FALL­ING SKIES: A FORE­RUN­NER IN DIG­I­TAL MAKE-UP FX

How ‘dmfx’ By Mastersfx Pi­o­neered The Art Of Tak­ing Pros­thet­ics To The Next Level For The Se­ries Fall­ing Skies

3D Artist - - THE ART OF DIGITAL MAKE-UP -

1 MAN IN SUIT

Ac­tor Doug Jones per­formed the role of the alien

Cochise (among sev­eral other char­ac­ters) on the TNT se­ries in a full or par­tial prac­ti­cal suit. By sea­son four of the show, ef­fects fa­cil­ity Mastersfx, headed up by pres­i­dent Todd Masters, im­ple­mented its own dig­i­tal en­hance­ment process, called DMFX, to mix that prac­ti­cal on-set work with tools that could add mi­nor eye darts, slight breath­ing and other nu­ances to the char­ac­ter, all via com­posit­ing, with 3D track­ing still a ma­jor part of con­trol­ling the right fa­cial fea­tures to de­form.

2 GO­ING DIG­I­TAL

“Rather than build com­plex shape mor­ph­ing or mus­cle/bone set­ups – stan­dard for a 3D ef­fects house – the rig used a make-up ef­fects ap­proach of dig­i­tal ca­ble pulls, dig­i­tal blad­der gags and waldo sys­tems,” says Jonathan Banta, cred­ited as dig­i­tal make-up su­per­vi­sor on the show, and shown here work­ing on Cochise. “We an­a­lysed Doug Jones’s move­ment and voice, us­ing those to drive sev­eral of the com­po­nents. We then trained com­pos­i­tors and make-up FX artists to ad­just the pho­nemes to match the di­a­logue and find Doug’s in­tent — ba­si­cally a com­posit­ing act­ing school.”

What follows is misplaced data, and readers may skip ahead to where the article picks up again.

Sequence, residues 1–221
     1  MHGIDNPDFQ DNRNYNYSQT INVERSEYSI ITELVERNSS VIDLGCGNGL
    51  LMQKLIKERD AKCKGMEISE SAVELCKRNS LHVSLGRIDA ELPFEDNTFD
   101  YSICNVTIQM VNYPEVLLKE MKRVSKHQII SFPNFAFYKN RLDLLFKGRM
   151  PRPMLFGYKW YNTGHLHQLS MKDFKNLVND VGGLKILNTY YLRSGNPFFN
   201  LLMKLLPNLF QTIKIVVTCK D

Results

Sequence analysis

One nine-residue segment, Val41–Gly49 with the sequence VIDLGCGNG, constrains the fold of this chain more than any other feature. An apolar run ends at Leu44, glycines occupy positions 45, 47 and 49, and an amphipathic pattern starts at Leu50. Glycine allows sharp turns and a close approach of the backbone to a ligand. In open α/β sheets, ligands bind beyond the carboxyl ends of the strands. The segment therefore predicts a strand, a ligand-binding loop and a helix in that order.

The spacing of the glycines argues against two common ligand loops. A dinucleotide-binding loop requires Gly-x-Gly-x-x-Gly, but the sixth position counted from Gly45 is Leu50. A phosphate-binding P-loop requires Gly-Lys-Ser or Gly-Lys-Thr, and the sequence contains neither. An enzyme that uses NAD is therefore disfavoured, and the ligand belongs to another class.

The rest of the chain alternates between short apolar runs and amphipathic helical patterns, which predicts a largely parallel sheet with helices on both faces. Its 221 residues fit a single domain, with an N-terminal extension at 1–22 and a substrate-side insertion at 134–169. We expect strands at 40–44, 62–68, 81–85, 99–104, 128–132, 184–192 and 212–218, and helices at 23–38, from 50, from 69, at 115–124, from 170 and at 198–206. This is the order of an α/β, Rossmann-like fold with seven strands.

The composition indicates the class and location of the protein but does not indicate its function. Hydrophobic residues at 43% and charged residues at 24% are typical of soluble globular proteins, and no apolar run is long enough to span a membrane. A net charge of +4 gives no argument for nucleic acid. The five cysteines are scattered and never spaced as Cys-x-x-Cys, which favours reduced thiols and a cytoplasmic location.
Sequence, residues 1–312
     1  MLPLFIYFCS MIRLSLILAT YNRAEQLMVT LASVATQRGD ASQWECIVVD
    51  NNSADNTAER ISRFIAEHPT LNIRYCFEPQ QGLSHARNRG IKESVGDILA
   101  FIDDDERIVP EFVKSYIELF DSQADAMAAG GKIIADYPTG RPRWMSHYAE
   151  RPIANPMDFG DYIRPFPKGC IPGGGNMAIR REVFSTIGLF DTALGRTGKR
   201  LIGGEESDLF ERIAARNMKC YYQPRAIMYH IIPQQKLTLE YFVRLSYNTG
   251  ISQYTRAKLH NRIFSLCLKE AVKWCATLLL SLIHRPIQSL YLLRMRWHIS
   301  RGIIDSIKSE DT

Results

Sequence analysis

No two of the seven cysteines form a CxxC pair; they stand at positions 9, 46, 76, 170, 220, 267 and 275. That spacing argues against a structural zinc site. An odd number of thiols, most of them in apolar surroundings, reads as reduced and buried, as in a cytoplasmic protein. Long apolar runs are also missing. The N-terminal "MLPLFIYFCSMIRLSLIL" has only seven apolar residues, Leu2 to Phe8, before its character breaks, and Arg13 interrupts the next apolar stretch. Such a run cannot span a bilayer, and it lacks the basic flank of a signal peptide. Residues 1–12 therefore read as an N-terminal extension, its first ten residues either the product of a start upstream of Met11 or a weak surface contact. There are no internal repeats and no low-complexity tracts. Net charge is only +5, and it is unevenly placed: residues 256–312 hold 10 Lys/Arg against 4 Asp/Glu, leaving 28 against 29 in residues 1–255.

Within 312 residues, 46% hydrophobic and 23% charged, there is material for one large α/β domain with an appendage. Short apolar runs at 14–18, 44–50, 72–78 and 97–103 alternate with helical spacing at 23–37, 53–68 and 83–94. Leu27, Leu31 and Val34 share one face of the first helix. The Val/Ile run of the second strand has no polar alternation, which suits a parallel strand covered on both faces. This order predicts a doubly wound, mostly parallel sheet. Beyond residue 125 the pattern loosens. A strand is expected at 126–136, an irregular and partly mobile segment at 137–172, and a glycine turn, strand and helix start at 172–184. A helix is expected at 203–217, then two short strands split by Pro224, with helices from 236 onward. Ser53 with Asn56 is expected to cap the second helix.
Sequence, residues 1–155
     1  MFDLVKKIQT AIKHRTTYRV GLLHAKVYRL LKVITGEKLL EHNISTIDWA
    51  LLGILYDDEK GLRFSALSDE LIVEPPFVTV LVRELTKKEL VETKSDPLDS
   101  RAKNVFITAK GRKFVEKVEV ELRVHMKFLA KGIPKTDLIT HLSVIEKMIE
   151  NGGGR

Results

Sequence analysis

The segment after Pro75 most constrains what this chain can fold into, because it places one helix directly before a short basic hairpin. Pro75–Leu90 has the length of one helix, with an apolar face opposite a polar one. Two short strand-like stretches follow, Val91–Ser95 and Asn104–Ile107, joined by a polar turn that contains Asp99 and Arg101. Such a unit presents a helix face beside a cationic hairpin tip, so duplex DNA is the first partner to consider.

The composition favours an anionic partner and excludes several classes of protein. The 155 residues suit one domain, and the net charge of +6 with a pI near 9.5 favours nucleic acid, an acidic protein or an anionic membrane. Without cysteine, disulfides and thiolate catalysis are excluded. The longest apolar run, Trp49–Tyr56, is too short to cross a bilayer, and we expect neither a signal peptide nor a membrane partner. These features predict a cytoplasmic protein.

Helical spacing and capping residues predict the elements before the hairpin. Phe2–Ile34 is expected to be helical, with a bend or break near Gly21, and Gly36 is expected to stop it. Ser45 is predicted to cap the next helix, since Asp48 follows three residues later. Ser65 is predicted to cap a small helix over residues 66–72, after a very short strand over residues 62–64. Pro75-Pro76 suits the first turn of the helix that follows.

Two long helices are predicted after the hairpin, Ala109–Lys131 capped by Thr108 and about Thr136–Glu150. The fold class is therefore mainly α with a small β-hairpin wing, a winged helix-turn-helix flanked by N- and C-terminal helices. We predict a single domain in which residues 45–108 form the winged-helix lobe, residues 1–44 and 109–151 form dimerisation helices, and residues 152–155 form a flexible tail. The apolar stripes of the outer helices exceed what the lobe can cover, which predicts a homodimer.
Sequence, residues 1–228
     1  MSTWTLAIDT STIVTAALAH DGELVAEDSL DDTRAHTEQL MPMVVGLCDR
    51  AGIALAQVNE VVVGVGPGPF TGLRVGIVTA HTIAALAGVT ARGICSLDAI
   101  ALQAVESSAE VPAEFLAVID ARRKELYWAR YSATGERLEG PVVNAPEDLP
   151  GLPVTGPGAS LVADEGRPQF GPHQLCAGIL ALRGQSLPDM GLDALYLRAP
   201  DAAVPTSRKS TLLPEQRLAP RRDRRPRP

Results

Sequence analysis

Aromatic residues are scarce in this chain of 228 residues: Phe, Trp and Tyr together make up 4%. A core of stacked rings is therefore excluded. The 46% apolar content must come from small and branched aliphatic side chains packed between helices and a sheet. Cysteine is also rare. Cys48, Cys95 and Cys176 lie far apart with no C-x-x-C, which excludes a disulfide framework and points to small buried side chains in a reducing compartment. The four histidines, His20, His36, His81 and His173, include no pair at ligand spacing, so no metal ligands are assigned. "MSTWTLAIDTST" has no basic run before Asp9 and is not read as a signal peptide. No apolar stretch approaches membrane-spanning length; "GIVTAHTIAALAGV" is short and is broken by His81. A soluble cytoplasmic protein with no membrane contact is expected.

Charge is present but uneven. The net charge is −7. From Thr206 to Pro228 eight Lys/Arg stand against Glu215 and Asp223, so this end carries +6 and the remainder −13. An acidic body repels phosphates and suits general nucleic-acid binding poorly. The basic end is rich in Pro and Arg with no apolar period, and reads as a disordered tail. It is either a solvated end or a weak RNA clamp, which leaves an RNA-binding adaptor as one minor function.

3 THE BEST OF BOTH WORLDS

“Un­der a few inches of foam rub­ber, Jones could only take the per­for­mance so far, with the ex­tra emo­tions made pos­si­ble with Mastersfx’s DMFX tech­niques. “It is of­ten the case that pro­duc­tions will re­place make-up ef­fects in post-pro­duc­tion,” notes Banta. “We, rather, were defin­ing and con­trol­ling the ap­proach from the on­set as a hy­brid of the two, ran by the make-up de­part­ment. The big­gest ad­van­tage was that it was per­fect ref­er­ence. It is shot by the shows’ di­rec­tor of pho­tog­ra­phy, and lit with their lights. There is also a per­for­mance au­thored in the mo­ment, not months later.”

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